Royal College of Surgeons in Ireland
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Assessment of the quality and readability of online information on autopsy for the general public: a cross-sectional analysis

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journal contribution
posted on 2022-12-15, 17:15 authored by Brian Hanley, Philip Brown, Shane O'Neill, Michael Osborn

Objectives: Hospital (consented) autopsy rates have dropped precipitously in recent decades. Online medical information is now a common resource used by the general public. Given clinician reluctance to request hospital postmortem examinations, we assessed whether healthcare users have access to high quality, readable autopsy information online.

Design: A cross-sectional analysis of 400 webpages. Readability was determined using the Flesch-Kincaid score, grade level and Coleman-Liau Index. Authorship, DISCERN score and Journal of the American Medical Association (JAMA) criteria were applied by two independent observers. Health on the net code of conduct (HON-code) certification was also assessed. Sixty-five webpages were included in the final analysis.

Results: The overall quality was poor (mean DISCERN=38.1/80, 28.8% did not fulfil a single JAMA criterion and only 10.6% were HON-code certified). Quality scores were significantly different across author types, with scientific and health-portal websites scoring highest by DISCERN (analysis of variance (ANOVA), F=5.447, p<0.001) and JAMA (Kruskal-Wallis, p<0.001) criteria. HON-code certified sites were associated with higher JAMA (Mann-Whitney U, p<0.001) and DISCERN (t-test, t=3.5, p=0.001) scores. The most frequent author type was government (27.3%) which performed lower than average on DISCERN scores (ANOVA, F=5.447, p<0.001). Just 5% (3/65) were at or below the recommended eight grade reading level (aged 13-15 years).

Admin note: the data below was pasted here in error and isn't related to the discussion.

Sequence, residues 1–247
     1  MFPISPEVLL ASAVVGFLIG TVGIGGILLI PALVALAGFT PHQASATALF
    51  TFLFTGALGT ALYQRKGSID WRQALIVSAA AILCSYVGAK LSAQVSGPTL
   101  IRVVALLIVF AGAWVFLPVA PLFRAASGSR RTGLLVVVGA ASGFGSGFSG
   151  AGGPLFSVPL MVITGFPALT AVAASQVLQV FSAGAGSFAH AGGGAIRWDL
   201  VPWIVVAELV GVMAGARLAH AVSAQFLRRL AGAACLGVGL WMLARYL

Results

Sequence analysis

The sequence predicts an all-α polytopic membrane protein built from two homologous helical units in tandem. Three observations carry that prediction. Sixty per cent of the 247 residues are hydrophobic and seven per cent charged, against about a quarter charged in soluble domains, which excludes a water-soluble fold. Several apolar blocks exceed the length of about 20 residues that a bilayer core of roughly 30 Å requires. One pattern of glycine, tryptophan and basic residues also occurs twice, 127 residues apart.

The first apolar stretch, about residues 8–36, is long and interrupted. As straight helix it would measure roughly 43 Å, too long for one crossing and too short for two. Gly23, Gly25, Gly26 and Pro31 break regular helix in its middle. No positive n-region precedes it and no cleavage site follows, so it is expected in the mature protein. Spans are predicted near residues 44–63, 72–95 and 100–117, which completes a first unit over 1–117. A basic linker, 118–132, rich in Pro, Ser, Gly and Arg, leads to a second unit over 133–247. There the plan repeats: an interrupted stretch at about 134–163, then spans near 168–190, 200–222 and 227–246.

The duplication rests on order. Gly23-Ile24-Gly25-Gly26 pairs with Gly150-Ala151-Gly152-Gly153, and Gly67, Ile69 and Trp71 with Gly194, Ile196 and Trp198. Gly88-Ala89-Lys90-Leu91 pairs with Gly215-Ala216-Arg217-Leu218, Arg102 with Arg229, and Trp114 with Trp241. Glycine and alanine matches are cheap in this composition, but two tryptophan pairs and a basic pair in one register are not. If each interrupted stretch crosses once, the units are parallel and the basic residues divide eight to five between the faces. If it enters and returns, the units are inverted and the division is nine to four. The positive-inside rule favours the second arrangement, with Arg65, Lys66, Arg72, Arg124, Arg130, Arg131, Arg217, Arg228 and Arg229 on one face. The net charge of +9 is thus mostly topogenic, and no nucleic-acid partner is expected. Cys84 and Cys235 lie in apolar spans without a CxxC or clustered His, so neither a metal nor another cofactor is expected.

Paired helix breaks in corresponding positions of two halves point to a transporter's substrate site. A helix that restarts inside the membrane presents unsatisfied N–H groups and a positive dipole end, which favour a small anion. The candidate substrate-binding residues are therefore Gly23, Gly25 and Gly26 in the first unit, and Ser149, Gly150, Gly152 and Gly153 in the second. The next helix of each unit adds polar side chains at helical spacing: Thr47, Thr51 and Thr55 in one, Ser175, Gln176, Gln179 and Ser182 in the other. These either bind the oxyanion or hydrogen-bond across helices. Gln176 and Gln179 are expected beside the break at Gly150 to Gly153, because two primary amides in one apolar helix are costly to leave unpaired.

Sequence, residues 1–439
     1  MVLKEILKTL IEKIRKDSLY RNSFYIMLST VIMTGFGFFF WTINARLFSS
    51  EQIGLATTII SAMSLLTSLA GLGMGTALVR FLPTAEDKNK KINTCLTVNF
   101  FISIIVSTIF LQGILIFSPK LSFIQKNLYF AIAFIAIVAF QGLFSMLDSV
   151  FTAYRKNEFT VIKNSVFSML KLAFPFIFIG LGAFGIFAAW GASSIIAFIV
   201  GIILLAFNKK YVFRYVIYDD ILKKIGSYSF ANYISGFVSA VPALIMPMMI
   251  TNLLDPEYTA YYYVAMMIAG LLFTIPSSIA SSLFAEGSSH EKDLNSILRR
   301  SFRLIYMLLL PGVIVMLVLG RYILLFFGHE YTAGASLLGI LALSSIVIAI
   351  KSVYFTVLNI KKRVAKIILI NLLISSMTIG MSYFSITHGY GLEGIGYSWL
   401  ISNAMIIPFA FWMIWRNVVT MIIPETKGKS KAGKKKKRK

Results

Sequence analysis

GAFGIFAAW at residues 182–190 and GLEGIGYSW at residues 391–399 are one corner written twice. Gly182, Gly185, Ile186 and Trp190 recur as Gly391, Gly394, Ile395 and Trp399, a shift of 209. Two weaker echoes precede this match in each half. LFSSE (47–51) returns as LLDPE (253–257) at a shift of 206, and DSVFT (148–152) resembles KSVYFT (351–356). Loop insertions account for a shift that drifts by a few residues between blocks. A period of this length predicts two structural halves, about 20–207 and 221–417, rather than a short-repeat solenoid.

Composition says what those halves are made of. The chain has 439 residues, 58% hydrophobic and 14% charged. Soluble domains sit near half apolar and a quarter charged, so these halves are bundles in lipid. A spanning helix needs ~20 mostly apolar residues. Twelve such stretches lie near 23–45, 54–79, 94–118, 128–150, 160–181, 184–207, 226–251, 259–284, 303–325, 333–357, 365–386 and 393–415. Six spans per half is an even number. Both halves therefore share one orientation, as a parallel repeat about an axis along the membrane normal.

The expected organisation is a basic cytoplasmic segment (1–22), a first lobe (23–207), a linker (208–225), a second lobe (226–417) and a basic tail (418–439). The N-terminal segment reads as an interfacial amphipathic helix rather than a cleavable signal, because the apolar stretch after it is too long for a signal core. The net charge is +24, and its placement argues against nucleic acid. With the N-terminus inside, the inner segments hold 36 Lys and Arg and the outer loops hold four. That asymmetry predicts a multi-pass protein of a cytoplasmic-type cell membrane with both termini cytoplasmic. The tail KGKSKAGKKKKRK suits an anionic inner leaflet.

Conclusions: Although there were occasional high quality web articles containing autopsy information, these were diluted by irrelevant and low quality sites, set at an inappropriately high reading level. Given the paucity of high quality articles, healthcare providers should familiarise themselves with the best resources and direct the public accordingly.


Imperial College London



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Published Citation

Hanley B, Brown P, O'Neill S, Osborn M. Assessment of the quality and readability of online information on autopsy for the general public: a cross-sectional analysis. BMJ Open. 2019;9(5):e023804.

Publication Date

30 May 2019

PubMed ID



  • Surgery


BMJ Publishing Group Ltd


  • Published Version (Version of Record)